26 Feb 2011

CapSU FITS centers on the move

By Niño S. Manaog
University Extension Associate
Capiz State University

To prepare to achieve optimum performance as a partner member agency of the Western Visayas Agriculture and Resources Research and Development Consortium (WESVARRDEC), the Capiz State University (CapSU) Techno Gabay Team—led by Team Leader Eduardo Navarra, university extension specialist—led the second bimonthly meeting with the old and new Farmers Information and Technology Services (FITS) Centers in the province of Capiz Feb. 23, 2011 at the FITS Center Dumalag in Poblacion, Dumalag, Capiz.

After Dr. Anna Mae Relingo, WESVARRDEC Regional Techno Gabay Group (RTGG) Coordinator briefed the participants on the consortium’s Techno Gabay modality, Navarra monitored the activities and updates of the managers from six attending FITS Centers.

Participants showcase the bamboo giveaways from the FITS Dumalag hosts.
These and other items of Dumalag Bamboo Crafts Producers Cooperative 
are sold at the bagsakan center situated at downtown Dumalag.

Among others, FITS OPA Capiz Manager Audie Belargo shared to the group a sampling of IEC materials which his office churned out recently, while FITS Dao Manager Susan Dordas stressed on organic technologies being widely promoted and practiced in her municipality.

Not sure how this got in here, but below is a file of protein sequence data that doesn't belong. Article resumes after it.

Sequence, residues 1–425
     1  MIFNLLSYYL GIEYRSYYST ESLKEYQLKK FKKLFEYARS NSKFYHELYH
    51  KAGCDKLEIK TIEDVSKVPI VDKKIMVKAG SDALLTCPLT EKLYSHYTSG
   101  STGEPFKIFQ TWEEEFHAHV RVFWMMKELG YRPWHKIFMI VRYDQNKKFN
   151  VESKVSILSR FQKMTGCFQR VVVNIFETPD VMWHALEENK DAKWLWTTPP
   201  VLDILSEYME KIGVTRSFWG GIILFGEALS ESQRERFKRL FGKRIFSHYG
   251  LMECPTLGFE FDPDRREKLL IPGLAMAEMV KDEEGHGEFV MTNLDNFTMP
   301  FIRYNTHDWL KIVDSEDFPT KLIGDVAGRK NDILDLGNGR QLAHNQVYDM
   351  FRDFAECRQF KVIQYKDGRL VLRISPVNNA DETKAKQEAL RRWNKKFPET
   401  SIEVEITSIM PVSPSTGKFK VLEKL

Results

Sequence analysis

Meanwhile, Ivisan FITS Manager Letecia Andrada—being new to the WESVARRDEC family—sought to be oriented on the consortium and the Techno Gabay modality. Andrada came to the meeting with her prospective MS Roosevelt Villarde, and their Technology Services Specialist (TSS) and Information Services Specialist (ISS).

TG Team Leader Navarra announced that nominated MSs of the newly launched FITS centers will be pre-evaluated in the second week of March and will be formally evaluated by WESVARRDEC within the same month.

Mr. Roosevelt Villarde and his coco shell products are being recommended for FITS Ivisan; Mr. Restituto Babao, Jr. engaged in corn production is recommended by OPA Capiz; and Mr. Wilfredo Corcino of Dao is being endorsed for his natural farming system practice and organic technologies.